Today I’m pleased to be taking part in the blog tour for Hunter’s Blood. My post is presented with thanks to Rachel Gilbey at Rachel’s Random Resources for inviting me on the tour and of course Val Penny, for writing her guest post.
DI Hunter Wilson never has just one problem to solve.
Three elderly women he knows have died in mysterious circumstances. Hunter appears to be the only link.
A little girl goes missing on a cold winter’s night. When his team discovers cocaine hidden at the farm where she was living, the search becomes even more urgent.
Why did the women die? And what did the child witness?
Hunter must find the answers to these questions to ensure his family and his city are safe.
Val Penny writes about the importance of setting in her work:
The Importance of The Importance of Setting
In my novels that form The Edinburgh Crime Mysteries my stories are set in Edinburgh, the capital of Scotland. Setting is very important to me in my writing and therefore I did consider creating an imaginary town for my protagonist, DI Hunter Wilson. However, I know the city of Edinburgh well as I lived there for many years and it has everything a writer could need.
It is a diverse city with all different kinds of buildings and people. It is small enough that characters can move around it quickly and large enough for it to be credible that anything I want to happen there, could happen.
Edinburgh is also a beautiful city with a castle, a palace and a cathedral, wealthy homes, horrible slums, fine restaurants, fast food outlets and idiosyncratic pubs. It is home to an Olympic size pool, the National Rugby Team and two famous football teams. It also hosts the Edinburgh International Festivals every August. What more could I or my characters want? When I chose Edinburgh, I considered all these aspects and it has served Hunter and his team well and the fourth book in the series, Hunter’s Blood has just been published by darkstroke..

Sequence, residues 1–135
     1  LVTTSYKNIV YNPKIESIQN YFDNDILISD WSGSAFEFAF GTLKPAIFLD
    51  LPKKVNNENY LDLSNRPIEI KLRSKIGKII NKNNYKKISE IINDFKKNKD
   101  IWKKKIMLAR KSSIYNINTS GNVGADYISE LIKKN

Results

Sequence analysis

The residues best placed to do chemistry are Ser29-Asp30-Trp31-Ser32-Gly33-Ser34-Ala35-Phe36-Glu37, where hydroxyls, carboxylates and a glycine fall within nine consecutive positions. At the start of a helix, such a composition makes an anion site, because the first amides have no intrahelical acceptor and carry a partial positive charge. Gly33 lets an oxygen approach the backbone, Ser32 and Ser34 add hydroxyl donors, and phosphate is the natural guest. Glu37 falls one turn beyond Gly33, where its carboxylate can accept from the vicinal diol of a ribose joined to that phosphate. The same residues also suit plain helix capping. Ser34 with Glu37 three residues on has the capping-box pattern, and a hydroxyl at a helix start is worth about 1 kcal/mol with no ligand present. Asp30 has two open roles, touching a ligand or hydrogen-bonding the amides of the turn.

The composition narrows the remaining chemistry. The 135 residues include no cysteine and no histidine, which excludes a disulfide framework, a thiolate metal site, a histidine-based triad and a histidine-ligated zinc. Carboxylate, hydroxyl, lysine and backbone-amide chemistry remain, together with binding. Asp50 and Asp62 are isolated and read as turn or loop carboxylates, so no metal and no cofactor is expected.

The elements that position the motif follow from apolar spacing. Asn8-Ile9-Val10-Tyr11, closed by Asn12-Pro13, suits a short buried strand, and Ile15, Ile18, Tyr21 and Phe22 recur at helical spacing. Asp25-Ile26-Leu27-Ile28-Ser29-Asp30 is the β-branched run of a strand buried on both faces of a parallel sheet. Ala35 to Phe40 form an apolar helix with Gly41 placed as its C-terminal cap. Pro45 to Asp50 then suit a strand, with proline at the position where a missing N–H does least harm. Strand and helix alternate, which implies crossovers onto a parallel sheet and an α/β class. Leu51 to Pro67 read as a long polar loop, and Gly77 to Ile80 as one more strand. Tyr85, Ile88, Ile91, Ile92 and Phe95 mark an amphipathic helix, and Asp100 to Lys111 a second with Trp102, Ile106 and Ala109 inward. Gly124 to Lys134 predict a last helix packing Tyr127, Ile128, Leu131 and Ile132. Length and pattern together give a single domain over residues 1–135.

Edinburgh is situated on the south banks of the Firth of Forth. There are some lovely views across the Forth from Edinburgh to the county of Fife on the north of the river. There are three bridges crossing the Firth of Forth: the oldest is the Forth Rail Bridge, built in the nineteenth century, the Forth Road Bridge was built in the twentieth century and the most modern, a bridge for road traffic was completed in the early part of this century, named the Queensferry Crossing.
The delegated parliament of Scotland, that has wide powers over how the people are governed, meets in the Scottish Parliament Building, in the Holyrood district of the city. Following a referendum in 1997, in which the Scottish electorate voted for devolution, the current Parliament was convened by the Scotland Act of 1998 which sets out its powers as a devolved legislature. Since September 2004, the official home of the Scottish Parliament has been a new Scottish Parliament Building in the Holyrood area of Edinburgh. The Scottish Parliament building was designed by Spanish architect Enric Miralles. There was much concern at the time as the building was completed many years late and several times over budget.
The main protagonist of ‘Hunter’s Chase’ is Detective Inspector Hunter Wilson. He lives in Leith, an area to the north of the City and drinks in his local pub, the Persevere Bar. His home is also close to one of the main soccer grounds in Edinburgh, the Hibernian Football Ground. Hibernian Football Club, commonly known as Hibs, is a Scottish professional football club based in Leith.
Edinburgh is such a diverse and cultural city, home to The Edinburgh International Festivals that represent all aspects of art, three universities and several colleges and the Scottish national rugby ground at Murrayfield. It is the perfect place to situate The Edinburgh Crime Mysteries and the cases DI Hunter Wilson has to solve.
Hunter’s Blood is available from Amazon.
You can follow the rest of the blog tour here: